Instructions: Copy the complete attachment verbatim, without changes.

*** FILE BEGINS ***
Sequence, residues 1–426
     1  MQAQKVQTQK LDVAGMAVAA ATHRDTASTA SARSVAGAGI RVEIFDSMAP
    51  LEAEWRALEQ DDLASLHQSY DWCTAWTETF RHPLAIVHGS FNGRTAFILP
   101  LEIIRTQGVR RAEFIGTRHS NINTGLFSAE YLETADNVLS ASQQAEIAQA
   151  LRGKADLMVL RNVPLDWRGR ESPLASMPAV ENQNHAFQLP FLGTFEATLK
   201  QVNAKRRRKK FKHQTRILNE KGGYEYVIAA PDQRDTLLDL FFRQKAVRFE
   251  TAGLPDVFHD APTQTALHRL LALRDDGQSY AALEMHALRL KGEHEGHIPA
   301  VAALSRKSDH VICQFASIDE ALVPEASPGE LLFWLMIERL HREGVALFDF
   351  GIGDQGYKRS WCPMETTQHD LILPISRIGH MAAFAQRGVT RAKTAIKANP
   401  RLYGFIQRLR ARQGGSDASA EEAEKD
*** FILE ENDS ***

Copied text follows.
Sequence, residues 1–426
     1  MQAQKVQTQK LDVAGMAVAA ATHRDTASTA SARSVAGAGI RVEIFDSMAP
    51  LEAEWRALEQ DDLASLHQSY DWCTAWTETF RHPLAIVHGS FNGRTAFILP
   101  LEIIRTQGVR RAEFIGTRHS NINTGLFSAE YLETADNVLS ASQQAEIAQA
   151  LRGKADLMVL RNVPLDWRGR ESPLASMPAV ENQNHAFQLP FLGTFEATLK
   201  QVNAKRRRKK FKHQTRILNE KGGYEYVIAA PDQRDTLLDL FFRQKAVRFE
   251  TAGLPDVFHD APTQTALHRL LALRDDGQSY AALEMHALRL KGEHEGHIPA
   301  VAALSRKSDH VICQFASIDE ALVPEASPGE LLFWLMIERL HREGVALFDF
   351  GIGDQGYKRS WCPMETTQHD LILPISRIGH MAAFAQRGVT RAKTAIKANP
   401  RLYGFIQRLR ARQGGSDASA EEAEKD